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Grand Jury Charges Decatur Man With Production, Possession Of child Pornography

November 6, 2009

Urbana, Ill. – A Decatur man who has been charged in Macon county with alleged criminal sexual assault and abuse of a child has been charged by a federal grand jury with production and possession of child pornography. Douglas H. Spensley, 42, of the 3200 block of East William Street Road, Decatur, Illinois, was arrested yesterday and made his initial appearance for arraignment in federal court in Urbana. Spensley entered a not guilty plea and jury trial was scheduled on January 11, 2010. U.S. Magistrate Judge David G. Bernthal entered a temporary order of detention and Spensley was remanded to the custody of the U.S. Marshals Service pending a hearing to determine detention scheduled on November 10, at 1:30 p.m.

The grand jury returned the indictment on Tuesday, November 3; however, the indictment was sealed pending Spensley’s arrest and appearance in court. The indictment alleges that from October 1, 2008 through October 9, 2009, Spensley coerced a minor to engage in sexually explicit conduct to produce a visual depiction of the conduct. The indictment alleges Spensley possessed images of child pornography on October 9, 2009. Further, the indictment seeks criminal forfeiture of cameras, computer equipment and related items used in the commission of the alleged offenses.

The federal charges are the result of an investigation by a Decatur Police Department detective assigned to a working group of officers assisting U.S. Immigration and Customs Enforcement. Assistant U.S. Attorney Elly M. Peirson is prosecuting the federal case in cooperation with the Macon County State’s Attorney’s Office.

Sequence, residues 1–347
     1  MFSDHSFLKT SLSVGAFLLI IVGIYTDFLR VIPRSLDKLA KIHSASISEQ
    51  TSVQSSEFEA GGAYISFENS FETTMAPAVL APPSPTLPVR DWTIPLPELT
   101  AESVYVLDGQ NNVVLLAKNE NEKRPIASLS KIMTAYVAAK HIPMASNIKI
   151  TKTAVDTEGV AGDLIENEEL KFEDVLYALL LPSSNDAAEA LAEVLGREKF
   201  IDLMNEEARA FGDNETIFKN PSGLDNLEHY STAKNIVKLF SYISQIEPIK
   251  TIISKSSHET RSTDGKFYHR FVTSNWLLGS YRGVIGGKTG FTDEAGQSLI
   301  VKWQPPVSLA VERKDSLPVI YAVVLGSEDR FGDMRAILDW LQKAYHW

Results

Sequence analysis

If convicted, production of child pornography carries a mandatory minimum statutory penalty of 15 years imprisonment to 30 years in prison. Possession of child pornography carries a statutory penalty of up to 10 years in prison. The offenses also carry terms of up to life supervised release following any term of imprisonment.

Members of the public are reminded that an indictment is merely an accusation; the defendant is presumed innocent unless proven guilty.

This case was brought as part of Project Safe Childhood, a nationwide initiative to combat the growing epidemic of child sexual exploitation and abuse launched in May 2006 by the Department of Justice. Led by U.S. Attorneys’ Offices and the Criminal Division’s Child Exploitation and Obscenity Section (CEOS), Project Safe Childhood marshals federal, state and local resources to better locate, apprehend and prosecute individuals who exploit children via the Internet as well as to identify and rescue victims. For more information about Project Safe Childhood, please visit

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